Cancer survivor knows struggle first-hand

When Phyllis Hancock was told she had cancer, she thought her life was over. Little did she know that it had only just begun.

In the summer of 2001, Hancock was shopping for a wedding dress with her 25-year-old daughter, Rachael Clyde. Symptoms similar to menopause, including cramping and eratic periods, began about four months previously and had persisted. But it wasn’t until she felt a stone-hard mass the size of her fist on the right side of her waist area in August that she began to worry.

The first thought that came to mind was that she might have cancer. After all, cancer ran deep in her family’s bloodline. Her father, Phillip Schnorr, died in 1989 at the age of 55 from prostate cancer. Three of his four brothers died of cancer as well. Her twin brother, Phil Schnorr, died only five years ago at the age of 50 from a tumor on the bladder. Other female family members on her father’s side had died of breast cancer, too.

Dr. Larry Kieft, who had unsuccessfully treated her brother’s cancer due to its late-stage discovery, immediately ordered a series of tests for Hancock. They revealed fluid on the lungs and a defective right kidney. They also revealed how lucky she was: Her ovarian cancer was in its first stage. A mass had formed on one ovary and had not spread to other organs. Although she knew her chances of surviving this cancer were good, she was afraid something might go wrong — forcing her to face her own death.

?You believe you have this immortality,? Hancock said, as her voice quivered slightly and tears welled in her eyes. ?You’re in shock when they tell you that you have (cancer). You’re also in denial.?

A complete hysterectomy and removal of the defective kidney were performed immediately, followed by two months of chemotherapy. But she was determined to move forward in her life and celebrate in her daughter’s wedding — even without a head of hair.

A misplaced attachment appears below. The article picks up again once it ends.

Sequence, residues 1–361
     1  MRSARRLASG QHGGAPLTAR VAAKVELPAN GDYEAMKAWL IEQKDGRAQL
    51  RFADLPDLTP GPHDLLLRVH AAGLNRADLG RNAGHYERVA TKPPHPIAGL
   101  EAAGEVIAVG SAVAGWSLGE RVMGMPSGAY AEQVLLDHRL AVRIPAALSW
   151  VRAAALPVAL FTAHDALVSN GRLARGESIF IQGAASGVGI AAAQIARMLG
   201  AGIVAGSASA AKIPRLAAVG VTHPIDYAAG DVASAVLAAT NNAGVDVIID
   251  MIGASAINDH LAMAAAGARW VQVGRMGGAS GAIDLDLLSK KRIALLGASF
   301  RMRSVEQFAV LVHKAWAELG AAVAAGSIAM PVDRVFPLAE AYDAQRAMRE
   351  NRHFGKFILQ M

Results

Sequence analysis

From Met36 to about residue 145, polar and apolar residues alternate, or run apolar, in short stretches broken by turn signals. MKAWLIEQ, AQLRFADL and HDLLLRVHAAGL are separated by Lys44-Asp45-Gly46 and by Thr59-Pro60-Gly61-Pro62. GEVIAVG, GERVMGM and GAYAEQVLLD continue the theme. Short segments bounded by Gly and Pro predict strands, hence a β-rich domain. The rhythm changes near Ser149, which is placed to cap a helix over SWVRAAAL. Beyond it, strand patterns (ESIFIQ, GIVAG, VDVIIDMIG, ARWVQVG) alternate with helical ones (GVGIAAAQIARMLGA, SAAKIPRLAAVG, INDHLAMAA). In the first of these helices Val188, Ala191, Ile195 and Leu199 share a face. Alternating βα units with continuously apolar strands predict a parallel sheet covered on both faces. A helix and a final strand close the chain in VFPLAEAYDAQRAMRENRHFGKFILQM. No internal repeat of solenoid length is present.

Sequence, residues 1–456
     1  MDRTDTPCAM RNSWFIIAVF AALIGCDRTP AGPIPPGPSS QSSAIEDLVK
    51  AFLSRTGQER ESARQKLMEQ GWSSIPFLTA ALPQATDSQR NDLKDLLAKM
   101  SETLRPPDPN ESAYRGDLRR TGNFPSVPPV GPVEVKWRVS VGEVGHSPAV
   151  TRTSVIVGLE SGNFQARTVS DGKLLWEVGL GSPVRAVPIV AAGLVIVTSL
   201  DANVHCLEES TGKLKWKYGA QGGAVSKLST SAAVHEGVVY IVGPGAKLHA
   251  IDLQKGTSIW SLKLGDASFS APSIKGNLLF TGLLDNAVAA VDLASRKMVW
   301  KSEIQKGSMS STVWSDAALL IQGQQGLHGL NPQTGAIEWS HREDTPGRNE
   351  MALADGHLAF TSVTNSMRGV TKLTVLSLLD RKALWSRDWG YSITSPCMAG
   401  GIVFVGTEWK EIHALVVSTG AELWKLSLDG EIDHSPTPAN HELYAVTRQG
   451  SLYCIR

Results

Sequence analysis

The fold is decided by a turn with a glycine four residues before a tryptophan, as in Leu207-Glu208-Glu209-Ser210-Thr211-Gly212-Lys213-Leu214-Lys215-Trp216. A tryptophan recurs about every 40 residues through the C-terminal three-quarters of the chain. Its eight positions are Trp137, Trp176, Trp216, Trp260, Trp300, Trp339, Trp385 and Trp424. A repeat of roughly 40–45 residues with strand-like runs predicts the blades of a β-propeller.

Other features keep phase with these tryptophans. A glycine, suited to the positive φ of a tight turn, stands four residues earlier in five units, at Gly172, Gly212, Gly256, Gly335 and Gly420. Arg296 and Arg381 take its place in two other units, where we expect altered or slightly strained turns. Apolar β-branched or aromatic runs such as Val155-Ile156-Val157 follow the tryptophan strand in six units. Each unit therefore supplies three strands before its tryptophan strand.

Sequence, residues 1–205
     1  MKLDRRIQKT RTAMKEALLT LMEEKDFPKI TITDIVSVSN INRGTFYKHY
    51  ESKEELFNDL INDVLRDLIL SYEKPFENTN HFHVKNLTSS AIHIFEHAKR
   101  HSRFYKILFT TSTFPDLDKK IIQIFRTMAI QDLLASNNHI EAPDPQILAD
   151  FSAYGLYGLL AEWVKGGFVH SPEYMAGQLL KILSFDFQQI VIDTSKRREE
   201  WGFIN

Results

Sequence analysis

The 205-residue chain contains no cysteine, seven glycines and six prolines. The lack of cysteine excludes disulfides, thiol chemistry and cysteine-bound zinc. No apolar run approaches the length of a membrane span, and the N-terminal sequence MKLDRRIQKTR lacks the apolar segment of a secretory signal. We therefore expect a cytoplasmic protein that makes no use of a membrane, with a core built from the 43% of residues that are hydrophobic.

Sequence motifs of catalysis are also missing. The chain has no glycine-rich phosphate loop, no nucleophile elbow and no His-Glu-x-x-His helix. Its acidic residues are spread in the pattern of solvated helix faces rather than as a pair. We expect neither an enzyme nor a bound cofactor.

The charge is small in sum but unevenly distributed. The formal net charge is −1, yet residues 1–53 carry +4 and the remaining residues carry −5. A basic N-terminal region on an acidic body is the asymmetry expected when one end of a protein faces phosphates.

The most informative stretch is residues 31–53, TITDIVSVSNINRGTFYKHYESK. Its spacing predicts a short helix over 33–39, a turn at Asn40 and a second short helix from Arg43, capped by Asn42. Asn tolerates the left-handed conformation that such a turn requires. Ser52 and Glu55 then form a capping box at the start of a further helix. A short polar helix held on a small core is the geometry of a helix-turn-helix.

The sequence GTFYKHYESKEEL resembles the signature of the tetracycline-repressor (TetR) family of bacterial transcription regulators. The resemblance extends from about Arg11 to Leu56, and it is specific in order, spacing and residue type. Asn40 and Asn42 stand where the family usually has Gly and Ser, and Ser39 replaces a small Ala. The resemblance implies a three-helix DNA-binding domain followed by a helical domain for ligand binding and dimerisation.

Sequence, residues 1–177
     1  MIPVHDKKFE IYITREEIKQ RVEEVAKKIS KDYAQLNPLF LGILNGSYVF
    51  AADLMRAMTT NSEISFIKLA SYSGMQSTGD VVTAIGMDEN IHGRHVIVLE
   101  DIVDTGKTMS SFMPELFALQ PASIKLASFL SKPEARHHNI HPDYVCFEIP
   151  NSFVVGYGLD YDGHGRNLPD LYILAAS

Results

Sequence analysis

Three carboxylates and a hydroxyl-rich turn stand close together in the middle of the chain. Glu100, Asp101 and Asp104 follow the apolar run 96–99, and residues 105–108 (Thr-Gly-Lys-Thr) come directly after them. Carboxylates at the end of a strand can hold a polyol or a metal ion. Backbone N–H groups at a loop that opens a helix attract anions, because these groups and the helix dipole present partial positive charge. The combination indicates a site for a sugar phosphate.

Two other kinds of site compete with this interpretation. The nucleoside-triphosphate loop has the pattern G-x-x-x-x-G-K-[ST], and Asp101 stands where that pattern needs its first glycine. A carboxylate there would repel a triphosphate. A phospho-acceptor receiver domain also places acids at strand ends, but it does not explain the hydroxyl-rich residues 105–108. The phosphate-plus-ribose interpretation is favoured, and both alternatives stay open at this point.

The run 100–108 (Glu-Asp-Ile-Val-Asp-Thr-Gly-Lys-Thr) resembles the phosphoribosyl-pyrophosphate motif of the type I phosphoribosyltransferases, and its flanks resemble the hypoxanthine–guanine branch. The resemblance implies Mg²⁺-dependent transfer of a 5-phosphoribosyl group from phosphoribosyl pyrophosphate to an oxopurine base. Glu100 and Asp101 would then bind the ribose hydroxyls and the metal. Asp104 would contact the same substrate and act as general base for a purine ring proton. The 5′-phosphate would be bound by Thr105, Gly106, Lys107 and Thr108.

?You worry about being bald,? she added, as she relayed a story about a visit to a flower shop. Not a fan of wigs, she was wearing a hat when she visited the shop. Through casual conversation, the shop owner learned about Hancock’s fight against cancer and bestowed upon her a bouquet of flowers with heartfelt wishes of recovery.

?People are very compassionate,? Hancock said. ?It was so nice to hear people say, ?I care.’ ?

The compassion and love she received from family, friends and strangers were astounding. As trust manager and senior vice president at Boulder’s Community First, she had dealt with the death of clients for years as she handled their estates. It was at this point she realized how much her clients and their families cared about her.

Hancock is entering her third year of living a cancer-free life. Her exercise of choice these days is walking. Within one week of surgery, she was walking one mile a day. On the first weekend in June, Hancock and her husband, Don Clyde, will participate in the American Cancer Society’s Relay For Life at the University of Colorado at Boulder’s Potts Field.

Nearly 40 teams with 10 volunteers each will alternately walk around the track from 6 p.m. on June 6 to 10 a.m. on June 7. Wearing sunshine yellow T-shirts, cancer survivors will be the first leg of the team. Team members can trade off at any time and walk with each other, if they chose. Each team is asked to raise at least $1,000 each in contributions, which will go toward cancer research.

Last year, the Boulder County division raised $114,385 while the Rocky Mountain division, including Colorado, Wyoming, Utah, Idaho and North Dakota, raised $4.93 million. Fifty percent of all monies raised goes toward research, 40 percent is tagged for local programs and services such as educational programs, and 10 percent will pay for overhead costs such as staff wages and relay expenses.

Luminaria — small paper bags with a lit candle inside — will line the inside of the track and guide the volunteers through the night. Each luminaria will be made in memory of an area person who has been struck with cancer. A friend purchased a luminaria last year in honor of Hancock, even though she did not walk the race. This year, she will wear the yellow shirt as she leads her team during its 16-hour journey.

?When you are (at the event), you’re looking for hope,? she said. ?You see (that) there are survivors.?

Although Hancock has always held an appreciation for life, her experience of fighting cancer has given her an even deeper appreciation of how valuable life truly is. She cherishes her relationships to a greater degree and finds profound richness in the everyday simplicities of life.

?Everyday is a blessing,? she said.